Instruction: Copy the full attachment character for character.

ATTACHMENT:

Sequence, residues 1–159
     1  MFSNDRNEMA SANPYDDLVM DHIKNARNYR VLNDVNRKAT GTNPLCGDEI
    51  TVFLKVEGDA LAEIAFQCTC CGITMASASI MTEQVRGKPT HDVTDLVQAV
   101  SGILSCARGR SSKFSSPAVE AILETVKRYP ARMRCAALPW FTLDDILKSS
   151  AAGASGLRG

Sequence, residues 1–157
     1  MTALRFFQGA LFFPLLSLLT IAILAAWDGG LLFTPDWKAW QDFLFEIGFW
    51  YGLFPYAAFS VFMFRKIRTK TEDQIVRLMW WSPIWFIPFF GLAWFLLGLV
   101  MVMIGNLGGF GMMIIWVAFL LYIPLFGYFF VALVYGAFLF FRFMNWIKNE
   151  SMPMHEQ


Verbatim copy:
Sequence, residues 1–159
     1  MFSNDRNEMA SANPYDDLVM DHIKNARNYR VLNDVNRKAT GTNPLCGDEI
    51  TVFLKVEGDA LAEIAFQCTC CGITMASASI MTEQVRGKPT HDVTDLVQAV
   101  SGILSCARGR SSKFSSPAVE AILETVKRYP ARMRCAALPW FTLDDILKSS
   151  AAGASGLRG

Sequence, residues 1–157
     1  MTALRFFQGA LFFPLLSLLT IAILAAWDGG LLFTPDWKAW QDFLFEIGFW
    51  YGLFPYAAFS VFMFRKIRTK TEDQIVRLMW WSPIWFIPFF GLAWFLLGLV
   101  MVMIGNLGGF GMMIIWVAFL LYIPLFGYFF VALVYGAFLF FRFMNWIKNE
   151  SMPMHEQ